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Common delegate initialization scripts

You can run scripts on Harness Delegate pods, hosts, and containers to install applications or run commands.

For more information about running scripts, see Build custom delegate images with third-party tools. This topic provides information on script availability and some common delegate initialization scripts.


  • When you edit or delete scripts, the binaries that were already installed by those scripts are not automatically removed. To remove them, you must restart or clean up the pod or VM.
  • You cannot use Harness secrets in scripts. This is because the script runs before the delegate is registered with and establishes a connection to Harness.

Review: What can I run In a script?

You can add any command that the host, container, or pod running the delegate supports. Linux shell commands are most common. If kubectl, Helm, or Docker is running on the host, container, or pod where you install the delegate, you can use those commands. Kubernetes and Docker delegates include Helm.

The base image for the delegate uses Ubuntu 18.04 or later. This means you can use any default Ubuntu package in delegate script.

Harness Delegate

Harness Delegate is packaged with cURL and tar.

When is the script executed?

Delegate scripts are applied under the following conditions:

  • New Delegate. Scripts added on delegate creation run before the delegate starts.
  • Running Delegate. Scripts applied during delegate runtime, either by application as a new script or by switching the Delegate’s current script, run on delegate restart, before the delegate reaches steady state.


Here is an example of a script for installing Terraform:

# Install TF  
curl -O -L
mv ./terraform /usr/bin/
# Check TF install
terraform --version

Helm 2

The following script installs Helm and Tiller in the delegate cluster:

# Add the Helm version that you want to install  
# v2.13.0
# v2.12.0
# v2.11.0


echo "Installing Helm $DESIRED_VERSION ..."

curl | bash

# If Tiller is already installed in the cluster
helm init --client-only

# If Tiller is not installed in the cluster
# helm init

The helm init command is used with Helm 2 to install Tiller into a Kubernetes cluster. The command does not exist in Helm 3; nor is Tiller used in Helm 3.DESIRED_VERSION is used by a function in the Helm install script.If Helm is installed in a different cluster than the delegate, make sure the kubeconfig in the delegate cluster references the correct cluster. Use the following command to set the context.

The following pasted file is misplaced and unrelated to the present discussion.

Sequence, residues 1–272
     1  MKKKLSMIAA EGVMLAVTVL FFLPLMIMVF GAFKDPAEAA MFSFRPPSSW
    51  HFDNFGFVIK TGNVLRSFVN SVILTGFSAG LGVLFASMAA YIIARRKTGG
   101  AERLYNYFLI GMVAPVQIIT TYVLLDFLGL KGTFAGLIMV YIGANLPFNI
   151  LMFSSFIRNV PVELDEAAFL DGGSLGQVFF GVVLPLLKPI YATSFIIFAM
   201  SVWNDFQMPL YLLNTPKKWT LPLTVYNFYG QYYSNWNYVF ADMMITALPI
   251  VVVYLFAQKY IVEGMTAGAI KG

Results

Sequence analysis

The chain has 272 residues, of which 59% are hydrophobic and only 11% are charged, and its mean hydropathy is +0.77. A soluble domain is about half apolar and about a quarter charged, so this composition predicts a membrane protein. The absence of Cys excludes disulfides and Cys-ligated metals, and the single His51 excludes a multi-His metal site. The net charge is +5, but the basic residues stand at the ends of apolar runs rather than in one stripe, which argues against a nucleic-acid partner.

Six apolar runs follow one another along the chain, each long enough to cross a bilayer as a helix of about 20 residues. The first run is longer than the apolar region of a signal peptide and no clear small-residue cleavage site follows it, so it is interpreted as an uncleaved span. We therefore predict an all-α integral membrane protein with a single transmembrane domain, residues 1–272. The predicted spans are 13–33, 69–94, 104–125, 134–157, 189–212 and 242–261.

kubectl config current-context cluster_name

If you are using TLS for communication between Helm and Tiller, ensure that you use the --tls parameter with your commands. For more information, see Using SSL Between Helm and Tiller from Helm, and the section Securing your Helm Installation in that document.The following example shows how to add a Helm chart from a private repository using the secrets repoUsername and repoPassword from Harness Text Secrets.

# Alternate installation method  
# curl>
# chmod 700
# ./

curl | bash

helm init --client-only

helm repo add --username <+secrets.getValue("repoUsername")> --password <+secrets.getValue("repoPassword")> nginx

helm repo update

The helm init command does not exist in Helm 3. This command is used with Helm 2 to install Tiller into a Kubernetes cluster. Tiller is not used in Helm 3.### Helm 3

You do not need to add a script for Helm 3. Harness includes Helm 3 support in any Delegate that can connect to the target Kubernetes cluster.


Run microdnf update before you run microdnf commands.

microdnf update  
# Install pip
microdnf -y install python3-pip
# Check pip install
pip -v


Run microdnf update before you run microdnf commands.

microdnf update  
# Install Unzip
microdnf install unzip


The following script installs the AWS CLI version 2 on the delegate host.

# Install AWS CLI  
curl "" -o ""
./awscli-bundle/install -b ~/bin/aws
# install
# Check AWS CLI install
aws --version

AWS describe instance

The following script describes the EC2 instance based on its private DNS hostname:

aws ec2 describe-instances --filters "Name=network-interface.private-dns-name,Values=ip-10-0-0-205.ec2.internal" --region "us-east-1"

The value for the Values parameter is the hostname of the delegate.

AWS List All Instances in a Region

The following script lists all the EC2 instances in the region you specify:

aws ec2 describe-instances --query 'Reservations[*].Instances[*].[InstanceId,State.Name,InstanceType,PrivateIpAddress,PublicIpAddress,Tags[?Key==`Name`].Value[]]' --region "us-east-1" --output json | tr -d '\n[] "' | perl -pe 's/i-/\ni-/g' | tr ',' '\t' | sed -e 's/null/None/g' | grep '^i-' | column -t


Run microdnf update before you runmicrodnf commands.

microdnf update  
# Install Git with auto approval
microdnf -y install git
# Check git install
git --version

Cloud Foundry CLI

Harness supports Cloud Foundry (CF) CLI version 6 only. Support for version 7 is pending. Below is an example of CF CLI installation; the version of the CF CLI that you install on the delegate should match the PCF features you use in your Harness PCF deployment.

For example, if you are using buildpacks in the manifest.yml of your Harness service, the CLI you install on the delegate should be version 3.6 or later.

The following example script installs Cloud Foundry CLI on a delegate:

wget -O /etc/yum.repos.d/cloudfoundry-cli.repo  

microdnf -y install cf-cli

The -y parameter is needed for a prompt.

When the script has been applied and you click the timestamp for the Delegate the output will be similar to this:

Running transaction  
Installing : cf-cli-6.46.1-1.x86_64 1/1
Verifying : cf-cli-6.46.1-1.x86_64 1/1

cf-cli.x86_64 0:6.46.1-1


For information on installing the CLI on different distributions, see Installing the cf CLI from PCF.